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When I was growing up in the 1950s and ’60s in Roland Park, the porch was one of the most important rooms in the house for many families. Adults gathered there for drinks before dinner and summer cocktail parties. Children sat and swung on the porch swing, completing their required summer reading, or jumped rope in the shade. Teenagers often clustered together on porches after the neighborhood hangout, “The Morg” (Morgan & Millard pharmacy, where Petit Louis is today), closed for the evening. Porch furnishings then were an eclectic mix of wicker or wrought-iron or Adirondack chairs, a few old tables, occasionally a straw rug and a lamp.
 
Today, many Roland Park porches are more elaborate. Matching furniture (sometimes coordinated by interior designers) fills elegant niches that often feature ceiling fans, outdoor heaters, sound systems and stylish architectural details. Yet, one thing hasn’t changed. Porches continue to be the perfect spots to slow down, catch one’s breath, connect with family members, friends and neighbors, and soak up the beauty of the surrounding ancient shade trees.

Cosmopolitan

On the west side of Roland Park is a formal block, designed by New York architect Charles Platt and once known as “Millionaire’s Row,” that is full of elegant pillared stucco houses. In 1902 Baltimore architects Ellicott and Emmart designed this Italian Renaissance home with a wide rear porch. When Julia and Michael Keelty bought the house, they rebuilt the porch supports, balustrade and floor (which must be painted every year because of its western exposure), but preserved the enormous arched windows and shutters. A porch swing now overlooks a manicured, Mediterranean-style garden and swimming pool, where 10-year-old Annabel and her friends swim April to October. “Half the year our porch is an extension of our house,” says Julia. “I have this relaxed, secluded spot where I can keep an eye on them.”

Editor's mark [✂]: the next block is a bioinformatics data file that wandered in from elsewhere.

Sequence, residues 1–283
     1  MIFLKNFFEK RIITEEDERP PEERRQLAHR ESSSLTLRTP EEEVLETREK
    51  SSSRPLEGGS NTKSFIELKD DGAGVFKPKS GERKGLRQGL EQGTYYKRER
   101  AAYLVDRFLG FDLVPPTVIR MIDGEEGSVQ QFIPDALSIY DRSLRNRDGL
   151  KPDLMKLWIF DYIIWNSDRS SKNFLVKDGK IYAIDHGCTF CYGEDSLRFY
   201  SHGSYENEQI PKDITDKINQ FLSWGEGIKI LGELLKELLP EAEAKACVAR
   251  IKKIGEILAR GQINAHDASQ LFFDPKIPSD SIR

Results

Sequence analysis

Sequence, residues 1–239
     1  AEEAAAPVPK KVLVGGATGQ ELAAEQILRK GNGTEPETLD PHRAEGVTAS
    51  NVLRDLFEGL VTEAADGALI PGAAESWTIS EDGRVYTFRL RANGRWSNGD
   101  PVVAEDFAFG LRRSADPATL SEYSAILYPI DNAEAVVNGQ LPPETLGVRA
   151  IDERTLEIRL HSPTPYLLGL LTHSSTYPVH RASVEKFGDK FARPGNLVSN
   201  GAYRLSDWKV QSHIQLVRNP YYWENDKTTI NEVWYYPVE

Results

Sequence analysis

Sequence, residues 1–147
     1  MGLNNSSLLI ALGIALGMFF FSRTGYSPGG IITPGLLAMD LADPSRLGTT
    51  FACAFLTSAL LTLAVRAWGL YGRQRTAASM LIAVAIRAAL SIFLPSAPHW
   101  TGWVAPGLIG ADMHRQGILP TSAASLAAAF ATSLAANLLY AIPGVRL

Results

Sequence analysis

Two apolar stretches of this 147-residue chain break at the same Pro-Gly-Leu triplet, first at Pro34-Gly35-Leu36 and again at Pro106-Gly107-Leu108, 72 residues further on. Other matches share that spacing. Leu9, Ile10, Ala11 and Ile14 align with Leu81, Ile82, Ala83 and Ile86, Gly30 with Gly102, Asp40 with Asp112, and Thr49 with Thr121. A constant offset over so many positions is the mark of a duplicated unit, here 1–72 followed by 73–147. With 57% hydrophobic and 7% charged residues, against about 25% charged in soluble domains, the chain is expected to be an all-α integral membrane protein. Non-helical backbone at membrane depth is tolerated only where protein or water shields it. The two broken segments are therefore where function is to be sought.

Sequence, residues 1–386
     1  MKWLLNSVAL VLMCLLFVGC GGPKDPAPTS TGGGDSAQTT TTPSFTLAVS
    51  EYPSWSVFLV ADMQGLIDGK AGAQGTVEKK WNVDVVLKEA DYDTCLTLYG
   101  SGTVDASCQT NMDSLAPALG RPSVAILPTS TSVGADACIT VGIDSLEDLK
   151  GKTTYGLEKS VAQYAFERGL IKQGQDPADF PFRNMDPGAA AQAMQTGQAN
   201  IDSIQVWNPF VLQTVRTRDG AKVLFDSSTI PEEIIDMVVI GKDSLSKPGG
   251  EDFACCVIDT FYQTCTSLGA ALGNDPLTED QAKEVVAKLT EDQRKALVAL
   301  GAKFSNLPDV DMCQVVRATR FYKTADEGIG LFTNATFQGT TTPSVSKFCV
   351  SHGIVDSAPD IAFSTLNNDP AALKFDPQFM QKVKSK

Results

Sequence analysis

Country retreat

On a late summer afternoon, a rabbit sits on the lawn one story below Pam and John Corckran’s hillside back porch. Soon, a fox darts through a stand of tulip poplars. “We feel we’re in the middle of the country … It’s very quiet, yet you can hear children playing baseball and the dogs,” says Pam, who grew up on another Roland Park porch. She and John (“Cork”) added this porch to their 1905 stucco house 32 years ago because, as Pam says, “not having a porch felt funny.” As they raised their two children, they ate dinner, had summer birthday parties here and used it after swimming in the adjacent pool. The addition of an awning 15 years ago “defined the space,” says Pam, a photographer. “That’s when it became a whole new place to be.”  Seven years after building an addition and reconfiguring the porch, the empty-nesters still use it for sitting, looking at the gardens and eating dinner every night. “It becomes our summer living room.”

Design workshop

Before the lot was home to this 1899 Queen Anne house or its current owners, Lucy and David Skeen, it was the playing field for the original Roland Park Country School. More than 100 years later, one of the community’s oldest porches serves as a design workshop for RPCS alumna Lucy. By day a contract administrator for the Baltimore City Public Schools, by night Lucy “designs on a dime.” According to husband Dave, their porch is “ever-changing,” because Lucy’s favorite thing about it is “the opportunity [it gives] to decorate it.” To create its current French accent, Lucy painted stripes on a small $50 armoire and a diamond pattern on a $5 sofa table. She upholstered wicker chairs in black, white and red. “It’s all thrift shop,” says this mother of four adult children, two of whom have returned and use the porch for entertaining. “I never sit still here,” says Lucy. “I rearrange and decorate.”

Family friendly